A team of scientists at NASA's Langley Research Center has developed a concept of a battery-powered plane that has 10 motors and can take off like a helicopter and fly efficiently like an aircraft.
5/21/15 5:00 am chumakdenis 1
It seems that Google is getting more and more involved into global cooperation. Recently we heard the news about Google’s project aimed to improve battery technology and now we have another project from them.
What do we have here?
A team at NASA’s Langley Research Center has developed a full-scale concept of a battery-powered plane that has 10 engines and can take off like a helicopter and flies efficiently like an aircraft.
The prototype, called Greased Lightning (GL-10), is currently in the design and testing phase. The initial thought was to develop a 20-foot wingspan (6.1 meters) aircraft powered by hybrid engines, but the team started with smaller versions for testing, built by rapid prototyping.
Just imagine a battery-powered plane that has 10 engines and can take off like a helicopter and fly efficiently like an aircraft. Pretty cool, huh?
"We built 12 prototypes, starting with simple five-pound (2.3 kilograms) foam models and then 25-pound (11.3 kilograms), highly modified fiberglass hobby airplane kits all leading up to the 55-pound (24.9 kilograms), high quality, carbon fiber GL-10 built in our model shop by expert technicians, " said aerospace engineer David North.
"Each prototype helped us answer technical questions while keeping costs down. We did lose some of the early prototypes to hard landings as we learned how to configure the flight control system. But we discovered something from each loss and were able to keep moving forward."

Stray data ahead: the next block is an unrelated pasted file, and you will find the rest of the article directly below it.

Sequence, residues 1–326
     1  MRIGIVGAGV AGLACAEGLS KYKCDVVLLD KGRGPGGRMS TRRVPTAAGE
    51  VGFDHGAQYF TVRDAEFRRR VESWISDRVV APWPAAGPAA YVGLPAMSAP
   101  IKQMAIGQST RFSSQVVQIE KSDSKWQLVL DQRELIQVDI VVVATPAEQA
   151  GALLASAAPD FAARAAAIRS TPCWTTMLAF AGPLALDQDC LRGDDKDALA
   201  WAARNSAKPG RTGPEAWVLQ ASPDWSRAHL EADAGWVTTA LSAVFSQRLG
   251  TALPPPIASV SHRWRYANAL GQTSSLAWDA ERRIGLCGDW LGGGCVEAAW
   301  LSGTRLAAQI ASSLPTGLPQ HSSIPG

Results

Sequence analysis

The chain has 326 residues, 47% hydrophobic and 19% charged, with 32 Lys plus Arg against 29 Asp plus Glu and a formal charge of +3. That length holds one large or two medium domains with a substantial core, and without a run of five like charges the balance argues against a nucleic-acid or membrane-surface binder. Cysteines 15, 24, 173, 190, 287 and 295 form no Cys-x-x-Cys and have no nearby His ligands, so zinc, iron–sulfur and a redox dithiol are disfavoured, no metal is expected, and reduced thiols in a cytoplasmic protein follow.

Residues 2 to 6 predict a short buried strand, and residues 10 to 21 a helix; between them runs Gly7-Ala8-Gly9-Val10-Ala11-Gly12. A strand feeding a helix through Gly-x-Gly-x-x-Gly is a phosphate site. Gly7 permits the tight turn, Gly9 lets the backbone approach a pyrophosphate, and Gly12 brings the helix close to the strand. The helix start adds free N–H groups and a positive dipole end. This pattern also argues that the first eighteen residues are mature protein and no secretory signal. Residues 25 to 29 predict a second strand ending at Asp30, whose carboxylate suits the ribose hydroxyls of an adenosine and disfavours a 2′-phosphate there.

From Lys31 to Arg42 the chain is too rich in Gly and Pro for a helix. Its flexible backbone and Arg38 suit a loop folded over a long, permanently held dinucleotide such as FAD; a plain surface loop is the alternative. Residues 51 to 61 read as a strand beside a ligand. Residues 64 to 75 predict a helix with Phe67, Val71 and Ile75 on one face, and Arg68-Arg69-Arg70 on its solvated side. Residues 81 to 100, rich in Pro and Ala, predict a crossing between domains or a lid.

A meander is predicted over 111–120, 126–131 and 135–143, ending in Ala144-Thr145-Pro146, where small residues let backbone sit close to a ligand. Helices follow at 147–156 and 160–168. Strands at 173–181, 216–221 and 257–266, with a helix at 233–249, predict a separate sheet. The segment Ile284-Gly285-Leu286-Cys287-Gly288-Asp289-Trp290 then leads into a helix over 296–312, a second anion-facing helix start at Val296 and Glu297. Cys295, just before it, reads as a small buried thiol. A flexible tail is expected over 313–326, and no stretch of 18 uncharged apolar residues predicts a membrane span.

The GL-10 had already passed hover and other tests with flying colors.
But still, the first time is always the hardest– there are some problems with transition from vertical to forward wing-borne flight.
The remotely piloted plane has a 10-foot wingspan (3.05 meters), eight electric motors on the wings, two electric motors on the tail and weighs a maximum of 62 pounds (28.1 kilograms) at take off.
As engineers, who have designed full-scale vertical take off and landing tilt rotors such as the V-22 Osprey, will tell you - “that is no easy task because of the challenging flight aerodynamics”.
"During the flight tests we successfully transitioned from hover to wing-borne flight like a conventional airplane then back to hover again. So far we have done this on five flights," said Fredericks. "We were ecstatic. Now we're working on our second goal - to demonstrate that this concept is four times more aerodynamically efficient in cruise than a helicopter."
A feedback about GL-10 from the pilot
Zack Johns is the GL-10's primary pilot. He says flying the ten-engine aircraft has its ups and downs, but it really flies more like a three-engine plane from a control perspective.
"All four engines on the left wing are given the same command," said Johns. "The four engines on the right wing also work in concert. Then the two on the tail receive the same command."
One other advantage to the GL-10 besides its versatile vertical take off and landing ability is its noise or lack of it. "It's pretty quiet," said Fredericks. "The current prototype is quieter than a neighbor mowing the law with a gas-powered motor."
Usefulness of the project
The team is looking at the idea initially as a potential unmanned aerial vehicle.
"We have a couple of options that this concept could be good for," said Bill Fredericks, aerospace engineer. "It could be used for small package delivery or vertical take off and landing, long endurance surveillance for agriculture, mapping and other applications."
Plans for the future
The next step in the GL-10 test program is to try to confirm its aerodynamic efficiency and improve existing version of remotely piloted plane.
Well, good luck with that.
Google, we’ll be eagerly waiting. Don’t disappoint us.